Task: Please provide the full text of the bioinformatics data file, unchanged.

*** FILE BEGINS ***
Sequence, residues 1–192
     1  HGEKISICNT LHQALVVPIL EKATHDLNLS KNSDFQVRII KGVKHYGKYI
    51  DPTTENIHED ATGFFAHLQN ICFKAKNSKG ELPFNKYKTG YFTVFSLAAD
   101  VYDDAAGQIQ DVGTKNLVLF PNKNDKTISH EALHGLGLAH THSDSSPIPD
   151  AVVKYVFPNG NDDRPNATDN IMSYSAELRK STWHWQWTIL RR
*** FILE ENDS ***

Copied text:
Sequence, residues 1–192
     1  HGEKISICNT LHQALVVPIL EKATHDLNLS KNSDFQVRII KGVKHYGKYI
    51  DPTTENIHED ATGFFAHLQN ICFKAKNSKG ELPFNKYKTG YFTVFSLAAD
   101  VYDDAAGQIQ DVGTKNLVLF PNKNDKTISH EALHGLGLAH THSDSSPIPD
   151  AVVKYVFPNG NDDRPNATDN IMSYSAELRK STWHWQWTIL RR